Luca - so what you are saying is that this fellow Sepp actually did exist and the name is correct - even though the prologue in the book states that the name Sepp is not the person's real name? Please confirm - thanks....Iain
Posted on Nov 28, 2008 9:41:03 AM PST
Y. Kan says:
Allerberger mentions Hetzenauer in the book himself... read it again. Sepp is a shortform for Joseph. His full name is Joseph Allerberger.
Your conclusion that the book psuedonym is incorrect I believe. The Knights Cross issuance mix up is explained in the book, he said himself that it was a makeshift knights cross made with an ironcross 2nd class because they did not have any Knights Crosses available at the front. The paperwork was sent in, and approved, and he had a copy printed in the book. However if you look at the date, it was several days before the fall of the Reich, and the paperwork was probably lost in Berlin.
For your information, the suffix of Berger in Germanic last names is very prevalent, so I doubt your link there is relevant.
In reply to an earlier post on Apr 25, 2013 6:28:19 AM PDT
Yes he certainly did exist and this book is a collation of interviews with Mr Wacker who decided to write his collation as a first person autobiography. His real name is Josef -'Sepp'- Allerberger. Sepp is a common diminutive in German of Josef. See for example SS General 'Sepp' Dietrich.
Posted on Jun 27, 2014 2:22:34 PM PDT
Thomas G. Sweetnam says:
This reminds me of the Sven Hassel controversy.
In reply to an earlier post on Jul 1, 2014 3:48:52 AM PDT
Last edited by the author on Jul 1, 2014 3:49:32 AM PDT
There isn't really much of a controversy about Sven Hassel - who it seems was actually Danish and spent much of the war in his homeland, gleaning snippets of information from returning veterans of the Russian Front and basing his 'accounts' on them.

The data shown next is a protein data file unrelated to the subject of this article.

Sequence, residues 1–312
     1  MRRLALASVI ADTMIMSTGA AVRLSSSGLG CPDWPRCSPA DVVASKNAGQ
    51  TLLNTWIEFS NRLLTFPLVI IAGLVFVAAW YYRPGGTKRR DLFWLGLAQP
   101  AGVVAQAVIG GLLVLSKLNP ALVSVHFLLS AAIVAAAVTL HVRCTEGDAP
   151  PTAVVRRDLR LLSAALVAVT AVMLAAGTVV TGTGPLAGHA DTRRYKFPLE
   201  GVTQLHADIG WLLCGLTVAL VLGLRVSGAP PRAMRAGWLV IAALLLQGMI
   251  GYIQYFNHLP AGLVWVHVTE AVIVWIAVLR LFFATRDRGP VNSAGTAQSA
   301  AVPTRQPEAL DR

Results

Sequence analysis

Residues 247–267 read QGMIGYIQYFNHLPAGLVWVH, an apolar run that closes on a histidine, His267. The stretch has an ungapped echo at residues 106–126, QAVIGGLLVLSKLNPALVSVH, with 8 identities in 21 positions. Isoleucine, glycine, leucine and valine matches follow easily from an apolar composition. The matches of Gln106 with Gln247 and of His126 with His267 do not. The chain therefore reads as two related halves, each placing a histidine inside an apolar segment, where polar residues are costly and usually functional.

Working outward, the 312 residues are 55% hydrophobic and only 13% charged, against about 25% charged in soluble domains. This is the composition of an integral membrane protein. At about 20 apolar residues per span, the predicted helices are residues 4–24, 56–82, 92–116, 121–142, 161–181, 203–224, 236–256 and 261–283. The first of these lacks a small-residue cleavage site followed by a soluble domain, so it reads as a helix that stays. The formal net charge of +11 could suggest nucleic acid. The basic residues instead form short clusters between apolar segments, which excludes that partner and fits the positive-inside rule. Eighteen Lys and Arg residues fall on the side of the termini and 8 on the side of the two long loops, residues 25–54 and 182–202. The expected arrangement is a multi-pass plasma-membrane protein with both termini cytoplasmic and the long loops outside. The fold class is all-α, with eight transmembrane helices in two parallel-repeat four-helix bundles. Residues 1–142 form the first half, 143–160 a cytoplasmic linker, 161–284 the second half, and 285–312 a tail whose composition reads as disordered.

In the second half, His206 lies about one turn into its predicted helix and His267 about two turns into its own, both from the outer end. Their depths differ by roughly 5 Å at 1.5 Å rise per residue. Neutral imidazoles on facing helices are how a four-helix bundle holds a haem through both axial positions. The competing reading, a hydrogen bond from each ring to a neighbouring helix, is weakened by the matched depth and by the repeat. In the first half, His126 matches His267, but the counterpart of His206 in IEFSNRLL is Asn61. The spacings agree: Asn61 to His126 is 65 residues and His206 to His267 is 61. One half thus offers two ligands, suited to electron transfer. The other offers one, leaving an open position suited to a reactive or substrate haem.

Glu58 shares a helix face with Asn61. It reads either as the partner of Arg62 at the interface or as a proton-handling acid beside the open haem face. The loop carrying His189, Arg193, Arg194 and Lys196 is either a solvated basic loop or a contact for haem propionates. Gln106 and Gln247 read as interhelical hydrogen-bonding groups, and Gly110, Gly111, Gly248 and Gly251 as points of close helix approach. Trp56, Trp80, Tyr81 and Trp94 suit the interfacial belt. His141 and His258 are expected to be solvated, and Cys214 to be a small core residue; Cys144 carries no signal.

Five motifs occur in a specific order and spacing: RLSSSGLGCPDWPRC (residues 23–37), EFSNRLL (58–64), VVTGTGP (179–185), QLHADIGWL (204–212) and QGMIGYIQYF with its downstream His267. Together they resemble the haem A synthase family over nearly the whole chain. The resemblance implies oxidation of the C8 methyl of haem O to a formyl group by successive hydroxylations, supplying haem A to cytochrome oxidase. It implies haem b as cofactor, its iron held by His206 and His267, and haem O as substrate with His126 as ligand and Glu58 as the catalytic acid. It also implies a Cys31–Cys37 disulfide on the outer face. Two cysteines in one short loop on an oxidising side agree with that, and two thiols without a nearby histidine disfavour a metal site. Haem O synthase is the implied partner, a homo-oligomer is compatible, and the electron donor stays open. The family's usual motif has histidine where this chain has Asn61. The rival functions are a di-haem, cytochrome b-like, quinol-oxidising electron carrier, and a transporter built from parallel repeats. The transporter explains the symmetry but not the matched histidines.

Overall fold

But the 'controversy' about Allerberger does remind me of that concerning Guy Sajer - who wrote of his time in Russia with the Grossdeutschland Division but who was not remembered by many of those in the Division during the time he claims he was. But as time goes by more credence is given to his memoir titled 'The Forgotten Soldier'
In reply to an earlier post on Jul 1, 2014 11:43:35 PM PDT
Thomas G. Sweetnam says:
Whoever Sven Hassel was, he must have made a killing on his books. Wikipedia says he sold 53 million worldwide, 15 million in Great Britain alone. I love them. I've got all of them.
As to 'Sniper', I thought it was an excellent read. I can't believe 10 people gave it one star.
In reply to an earlier post on Jul 2, 2014 1:39:35 AM PDT
Tried to find out how many books Sajer (a psuedonym actually) has sold but the ole Wiki does not say. Suffice to say however that even if it is a fraud it is quoted quite often by acknowledged authorities----
such as Alan Clark - author of "Barbarossa" and several others.
In reply to an earlier post on Jul 7, 2014 10:32:58 PM PDT
Well if you think Hassel is a good read then you will thoroughly enjoy Sajer's 'The Forgotten Soldier' I can assure you.